At first glance, Jenny doesn’t look like a star. The 15-year-old DC resident speaks quietly to strangers and smiles at the floor when she’s nervous. But when she took the stage recently at a fundraiser for GALA Hispanic Theatre’s education program, Paso Nuevo, hundreds of people in the audience were riveted.
Jenny is one of about 50 teenagers who attend Paso Nuevo each year. (The camp asked that we not use students’ last names.) Most are Spanish speakers native to Central American countries. About 80 percent are DACA recipients, meaning they were brought illegally to the US as children. Their status here teeters in perpetual jeopardy.
The Spanish-language monologue Jenny delivered was something she wrote during one of Paso Nuevo’s free bilingual classes. Without a stumble, she recounted the story of her father’s deportation from Washington to Guatemala two years ago. “The world of my childhood was a single color—the color of spring,” she told the audience in Spanish. “Little by little, my world separated in two.” But she would not stop loving her father, she said, even from far away. A heavy silence lingered after she finished. Then applause.
For 25 years, the program in Columbia Heights has taught students how to write, act, and produce a small show. The teens’ work is so skillful that in 2012, then–First Lady Michelle Obama set up a performance at the White House and presented Paso Nuevo with a $10,000 grant from the National Arts and Humanities Youth Program Awards. Most of the $150,000-plus annual budget comes from arts grants, and funding the program can be a struggle.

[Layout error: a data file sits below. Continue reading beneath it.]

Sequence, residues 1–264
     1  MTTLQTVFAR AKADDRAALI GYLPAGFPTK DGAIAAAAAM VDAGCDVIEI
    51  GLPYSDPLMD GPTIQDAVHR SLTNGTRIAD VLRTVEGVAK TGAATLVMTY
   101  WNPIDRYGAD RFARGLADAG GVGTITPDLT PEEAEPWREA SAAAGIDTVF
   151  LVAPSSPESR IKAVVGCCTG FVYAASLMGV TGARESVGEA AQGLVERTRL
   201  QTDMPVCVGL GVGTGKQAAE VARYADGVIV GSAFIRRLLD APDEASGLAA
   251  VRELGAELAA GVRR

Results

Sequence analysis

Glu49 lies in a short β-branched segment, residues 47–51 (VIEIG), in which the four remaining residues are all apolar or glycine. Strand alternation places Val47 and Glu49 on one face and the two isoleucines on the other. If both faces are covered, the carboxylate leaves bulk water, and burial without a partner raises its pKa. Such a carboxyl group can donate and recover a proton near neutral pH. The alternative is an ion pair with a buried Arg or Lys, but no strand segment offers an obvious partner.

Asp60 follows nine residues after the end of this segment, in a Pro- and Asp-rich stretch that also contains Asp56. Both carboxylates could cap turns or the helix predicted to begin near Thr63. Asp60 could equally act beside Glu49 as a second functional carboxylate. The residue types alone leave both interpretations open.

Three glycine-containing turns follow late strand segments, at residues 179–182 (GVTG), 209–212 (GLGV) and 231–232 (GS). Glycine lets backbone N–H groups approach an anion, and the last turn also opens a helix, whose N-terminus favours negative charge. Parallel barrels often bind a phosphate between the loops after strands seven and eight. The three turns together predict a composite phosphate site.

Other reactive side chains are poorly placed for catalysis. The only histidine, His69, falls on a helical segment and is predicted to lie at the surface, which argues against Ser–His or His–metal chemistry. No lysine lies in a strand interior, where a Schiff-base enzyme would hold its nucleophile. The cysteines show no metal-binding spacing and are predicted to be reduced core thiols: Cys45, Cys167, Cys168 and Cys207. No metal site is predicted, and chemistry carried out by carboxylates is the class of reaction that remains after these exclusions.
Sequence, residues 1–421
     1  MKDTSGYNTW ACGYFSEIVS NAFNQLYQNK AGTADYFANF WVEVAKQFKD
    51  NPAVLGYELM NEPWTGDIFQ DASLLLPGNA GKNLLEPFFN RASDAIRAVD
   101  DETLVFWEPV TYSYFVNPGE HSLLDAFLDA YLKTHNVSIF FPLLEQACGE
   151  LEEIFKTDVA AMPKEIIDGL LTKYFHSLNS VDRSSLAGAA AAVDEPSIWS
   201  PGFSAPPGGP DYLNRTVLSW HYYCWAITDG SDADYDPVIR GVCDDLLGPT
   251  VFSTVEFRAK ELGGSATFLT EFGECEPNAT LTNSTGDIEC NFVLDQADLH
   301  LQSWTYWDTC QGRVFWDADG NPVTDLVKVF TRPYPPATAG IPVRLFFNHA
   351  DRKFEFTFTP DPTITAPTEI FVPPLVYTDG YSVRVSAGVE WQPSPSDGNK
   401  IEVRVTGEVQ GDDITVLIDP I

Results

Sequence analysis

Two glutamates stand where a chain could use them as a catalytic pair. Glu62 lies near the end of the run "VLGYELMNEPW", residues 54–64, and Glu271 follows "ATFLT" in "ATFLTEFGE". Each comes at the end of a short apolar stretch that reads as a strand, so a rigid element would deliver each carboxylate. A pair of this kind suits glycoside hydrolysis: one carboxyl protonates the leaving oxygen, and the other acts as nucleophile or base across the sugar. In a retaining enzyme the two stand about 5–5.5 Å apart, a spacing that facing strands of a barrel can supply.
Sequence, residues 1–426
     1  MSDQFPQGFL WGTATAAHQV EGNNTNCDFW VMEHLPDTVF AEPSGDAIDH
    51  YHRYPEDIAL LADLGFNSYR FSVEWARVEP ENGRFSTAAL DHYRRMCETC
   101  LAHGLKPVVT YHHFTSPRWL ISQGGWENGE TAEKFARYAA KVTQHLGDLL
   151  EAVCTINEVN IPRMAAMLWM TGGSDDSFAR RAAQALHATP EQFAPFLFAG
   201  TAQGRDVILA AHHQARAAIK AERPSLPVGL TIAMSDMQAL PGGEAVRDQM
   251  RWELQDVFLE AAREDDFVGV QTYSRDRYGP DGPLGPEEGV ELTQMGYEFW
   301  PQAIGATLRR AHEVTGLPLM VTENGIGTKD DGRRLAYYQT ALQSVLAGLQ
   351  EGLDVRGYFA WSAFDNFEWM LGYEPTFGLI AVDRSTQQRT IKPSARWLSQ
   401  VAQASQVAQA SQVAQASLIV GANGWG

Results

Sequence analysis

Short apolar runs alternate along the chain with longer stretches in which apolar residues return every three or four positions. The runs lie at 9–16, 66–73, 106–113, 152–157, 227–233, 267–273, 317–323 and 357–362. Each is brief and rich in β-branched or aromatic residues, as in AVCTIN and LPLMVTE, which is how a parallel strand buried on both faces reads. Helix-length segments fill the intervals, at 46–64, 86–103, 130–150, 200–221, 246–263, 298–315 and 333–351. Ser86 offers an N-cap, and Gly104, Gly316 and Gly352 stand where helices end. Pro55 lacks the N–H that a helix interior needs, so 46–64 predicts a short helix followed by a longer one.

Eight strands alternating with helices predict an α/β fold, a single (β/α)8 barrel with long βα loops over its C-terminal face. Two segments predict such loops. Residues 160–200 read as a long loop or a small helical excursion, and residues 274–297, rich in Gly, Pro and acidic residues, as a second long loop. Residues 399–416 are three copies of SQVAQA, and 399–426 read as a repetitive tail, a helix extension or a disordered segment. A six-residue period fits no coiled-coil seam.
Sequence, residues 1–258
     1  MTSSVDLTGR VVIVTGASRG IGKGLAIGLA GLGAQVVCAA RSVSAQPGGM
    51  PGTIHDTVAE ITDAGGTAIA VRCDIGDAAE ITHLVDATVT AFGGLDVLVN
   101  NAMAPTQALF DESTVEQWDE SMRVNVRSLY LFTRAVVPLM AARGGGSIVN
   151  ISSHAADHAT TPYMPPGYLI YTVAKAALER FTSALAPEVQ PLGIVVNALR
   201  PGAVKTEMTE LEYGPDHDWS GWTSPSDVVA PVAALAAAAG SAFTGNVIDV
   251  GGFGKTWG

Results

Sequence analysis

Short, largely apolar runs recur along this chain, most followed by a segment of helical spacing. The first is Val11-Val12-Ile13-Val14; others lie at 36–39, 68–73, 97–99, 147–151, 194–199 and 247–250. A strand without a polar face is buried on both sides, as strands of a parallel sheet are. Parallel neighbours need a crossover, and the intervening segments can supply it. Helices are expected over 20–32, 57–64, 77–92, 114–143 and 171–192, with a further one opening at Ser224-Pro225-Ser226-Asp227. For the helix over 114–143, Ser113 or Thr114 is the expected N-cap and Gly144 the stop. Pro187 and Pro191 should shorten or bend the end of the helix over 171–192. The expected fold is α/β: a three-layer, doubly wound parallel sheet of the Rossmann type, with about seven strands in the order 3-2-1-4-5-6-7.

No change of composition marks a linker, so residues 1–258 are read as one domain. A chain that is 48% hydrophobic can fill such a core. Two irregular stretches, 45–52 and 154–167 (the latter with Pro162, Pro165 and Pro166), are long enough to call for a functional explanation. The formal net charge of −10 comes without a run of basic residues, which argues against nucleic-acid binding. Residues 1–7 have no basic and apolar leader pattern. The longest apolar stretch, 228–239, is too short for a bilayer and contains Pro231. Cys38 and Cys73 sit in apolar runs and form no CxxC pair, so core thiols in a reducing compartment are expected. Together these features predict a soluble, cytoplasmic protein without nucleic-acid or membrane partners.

Paso Nuevo is more than just a place to create, especially given the rise in anti-immigrant rhetoric. Students can voice stresses that otherwise have no outlet: a family conflict, a school bully, a sense of getting stuck in the cracks between English and Spanish. And since Trump’s election, Paso Nuevo’s students have feared not only racial profiling but also deportation and separation from their families. “Not many people hear my story,” says Christell, a 13-year-old who performed at the fundraiser. “I just want people to see who I am.”
Every semester begins with participants discussing their lives to find common threads. “We start to understand that though our experiences may be different, we’re not alone,” says Mauricio Pita, GALA’s director of education. Students then translate their fears and hopes into an emotional performance piece. “People think writing is boring,” Jenny says. “They think essays—like in school—are writing. But those people should experience theater.”
This article appeared in the July 2018 issue of Washingtonian.